Friday, May 2, 2008

Introducing NPT Desktop Delivery Service - A New Way To Receive The Latest Nonprofit News

The NonProfit Times is excited to announce a new way to receive breaking nonprofit news, fundraising tips, job postings, information on upcoming events and more, without opening your email! Introducing NPT Desktop Delivery, a communication service which sends subscribers daily nonprofit updates directly to their desktops.

How Does It Work?

  • Download NPT Desktop Channel, a free tool powered by THINK360
  • Choose what time of the day you would like to receive your message. Don’t have time to read it? Click it, it goes away and you can bring it back up later by clicking on the NPT Desktop Channel icon that will be placed on your desktop. You’ll get just one message per day.
  • Sign up today, get your first update tomorrow!

Click here to download NPT Desktop Channel NOW! The software is quick and simple to install.Top Reasons To Use NPT Desktop Delivery:· NPT updates delivered straight to your desktop· You control when messages are delivered· No more blocked emails, so you won’t miss important nonprofit news!· Completely hacker-proof Powered by: THINK360

Thursday, May 1, 2008

Benchmarking With A Warped Stick - Latest Column from Don't Tell the Donor

A lot of nonprofit fundraisers seem to love benchmarking studies.

I really can’t blame them. Fundraisers are always judged by their numbers, after all. If we are going to be compared what we raised during the same period in previous years it only makes sense to understand the context of giving to other similar organizations.

Anytime your fundraising program experiences large increases or decreases, it’s helpful to understand if the change is being driven by broader external factors or by specific issues to your audience and mission. Benchmarking studies can help identify trends in key indicators and give fundraisers the context we need in order to understand our own performance better and plan for the future.

Unfortunately, not all benchmarking studies are created equal. Some studies are nothing more than lazy half-assed analysis from vendors hawking thinly veiled sales pitches. Other well-meaning benchmarks often use questionable methodology. A flawed approach can produce misleading conclusions.

It’s therefore critical for fundraisers to share their feedback and reactions to what the benchmark studies are showing. This article compares the methodology of three of the most cited (and debated) benchmarking studies making their way around the blogosphere today. Perhaps the most well known fundraising benchmark study is the annual report on philanthropy published by the Giving USA Foundation as a public service initiative of the Trust for Philanthropy of the American Association of Fundraising Counsel (AAFRC). These are the people who received a lot of media attention by estimating that Americans donated nearly $300 billion to charity during 2006.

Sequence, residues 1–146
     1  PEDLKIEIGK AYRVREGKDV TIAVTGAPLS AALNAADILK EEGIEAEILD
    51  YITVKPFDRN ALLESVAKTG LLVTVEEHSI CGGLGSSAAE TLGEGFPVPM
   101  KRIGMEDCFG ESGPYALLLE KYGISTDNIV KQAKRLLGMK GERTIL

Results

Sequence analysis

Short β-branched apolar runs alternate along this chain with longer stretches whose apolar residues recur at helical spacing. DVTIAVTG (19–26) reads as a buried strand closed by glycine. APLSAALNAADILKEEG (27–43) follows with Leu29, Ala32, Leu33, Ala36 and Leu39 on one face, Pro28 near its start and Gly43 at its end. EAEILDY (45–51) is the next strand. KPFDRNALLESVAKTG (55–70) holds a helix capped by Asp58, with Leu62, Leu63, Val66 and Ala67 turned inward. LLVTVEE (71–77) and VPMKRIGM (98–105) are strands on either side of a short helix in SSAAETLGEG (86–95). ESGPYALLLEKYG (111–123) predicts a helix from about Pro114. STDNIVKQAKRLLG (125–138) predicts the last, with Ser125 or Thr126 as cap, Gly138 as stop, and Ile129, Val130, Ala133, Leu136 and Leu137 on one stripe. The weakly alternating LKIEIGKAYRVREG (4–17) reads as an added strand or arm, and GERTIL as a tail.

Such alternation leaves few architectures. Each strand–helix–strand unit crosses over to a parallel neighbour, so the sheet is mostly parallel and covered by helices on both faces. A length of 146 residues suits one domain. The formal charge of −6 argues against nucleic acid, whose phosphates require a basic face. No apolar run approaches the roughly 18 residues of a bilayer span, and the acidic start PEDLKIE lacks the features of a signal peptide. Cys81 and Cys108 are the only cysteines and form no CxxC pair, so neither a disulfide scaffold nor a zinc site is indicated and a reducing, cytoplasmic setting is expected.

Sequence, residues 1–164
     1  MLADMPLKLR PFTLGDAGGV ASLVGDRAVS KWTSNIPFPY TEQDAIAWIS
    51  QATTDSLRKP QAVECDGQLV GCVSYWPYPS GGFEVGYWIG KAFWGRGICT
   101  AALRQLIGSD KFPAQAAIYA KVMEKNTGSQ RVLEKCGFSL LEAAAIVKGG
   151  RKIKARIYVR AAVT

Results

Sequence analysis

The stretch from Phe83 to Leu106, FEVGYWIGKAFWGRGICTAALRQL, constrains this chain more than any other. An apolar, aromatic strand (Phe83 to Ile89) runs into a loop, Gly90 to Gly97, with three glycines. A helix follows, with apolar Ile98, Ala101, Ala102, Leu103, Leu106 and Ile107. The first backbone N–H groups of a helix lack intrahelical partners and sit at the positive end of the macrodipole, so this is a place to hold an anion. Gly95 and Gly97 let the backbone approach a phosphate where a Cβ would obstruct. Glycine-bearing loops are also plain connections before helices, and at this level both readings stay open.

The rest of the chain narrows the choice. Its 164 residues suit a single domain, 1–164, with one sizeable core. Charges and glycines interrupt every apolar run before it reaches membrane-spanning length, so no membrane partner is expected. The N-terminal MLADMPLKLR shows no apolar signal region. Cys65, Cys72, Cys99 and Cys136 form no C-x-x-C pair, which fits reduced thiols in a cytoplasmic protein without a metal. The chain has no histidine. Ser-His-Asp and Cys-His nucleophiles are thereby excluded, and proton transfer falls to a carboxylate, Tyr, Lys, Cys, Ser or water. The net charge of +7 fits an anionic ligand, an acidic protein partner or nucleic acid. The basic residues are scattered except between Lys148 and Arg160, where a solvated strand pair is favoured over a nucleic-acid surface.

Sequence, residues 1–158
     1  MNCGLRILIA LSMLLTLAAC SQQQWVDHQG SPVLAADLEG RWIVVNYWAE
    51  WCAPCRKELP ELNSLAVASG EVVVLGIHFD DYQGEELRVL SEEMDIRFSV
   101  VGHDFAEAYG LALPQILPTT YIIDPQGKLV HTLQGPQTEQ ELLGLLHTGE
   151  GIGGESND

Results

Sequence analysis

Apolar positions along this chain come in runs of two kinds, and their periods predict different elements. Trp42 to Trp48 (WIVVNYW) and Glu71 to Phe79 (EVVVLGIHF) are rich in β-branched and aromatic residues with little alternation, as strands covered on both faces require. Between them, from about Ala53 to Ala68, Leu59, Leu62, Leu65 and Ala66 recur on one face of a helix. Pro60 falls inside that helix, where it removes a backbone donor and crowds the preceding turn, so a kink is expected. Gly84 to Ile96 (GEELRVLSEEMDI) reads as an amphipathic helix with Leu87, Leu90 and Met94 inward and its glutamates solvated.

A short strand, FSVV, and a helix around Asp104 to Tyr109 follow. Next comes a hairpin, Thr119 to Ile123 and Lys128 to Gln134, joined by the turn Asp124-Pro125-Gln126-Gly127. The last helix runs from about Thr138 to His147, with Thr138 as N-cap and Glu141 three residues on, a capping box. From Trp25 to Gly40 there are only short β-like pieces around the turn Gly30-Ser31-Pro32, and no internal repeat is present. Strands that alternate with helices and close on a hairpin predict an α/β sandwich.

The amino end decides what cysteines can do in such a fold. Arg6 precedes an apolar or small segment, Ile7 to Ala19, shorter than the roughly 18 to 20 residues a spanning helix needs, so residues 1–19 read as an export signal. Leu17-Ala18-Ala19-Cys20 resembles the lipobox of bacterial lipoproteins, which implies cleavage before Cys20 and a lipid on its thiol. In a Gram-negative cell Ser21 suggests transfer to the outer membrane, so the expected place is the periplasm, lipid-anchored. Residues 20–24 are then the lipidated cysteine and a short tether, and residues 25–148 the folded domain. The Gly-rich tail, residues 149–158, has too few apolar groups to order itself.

Click Here To Read Complete Article...

Dirt Cookies Instead of Air Sandwiches

They're not supposed to taste good. After all, they're called dirt cookies. Bright Hope International, based outside Chicago in Hoffman Estates, Ill., is selling "dirt cookies" as a symbol of poverty around the world. The nonprofit offers a package of six cookies for a donation -- of any size -- but stresses that $50 can provide a Haitian family of six with food for a month and the ability to plant their own garden.

"Eat dirt so they don't have to," the Web site proclaims.

Food shortages and escalating prices have made the poor on Haiti so desperate they eat the dirt cookies, made of clay, to alleviate hunger pains. Bright Hope's dirt cookies are 100 percent edible but they're not sold for the taste as much as for raising money and spreading awareness. With ingredients like shortening, salt, coffee, buckwheat flour, teff (an Ethiopian grain), cocoa powder, corn starch and terramin clay, the cookies won't tempt your palate, but they will give you a good idea of what poor people in places like Haiti have resorted to eating.


- Mark Hrywna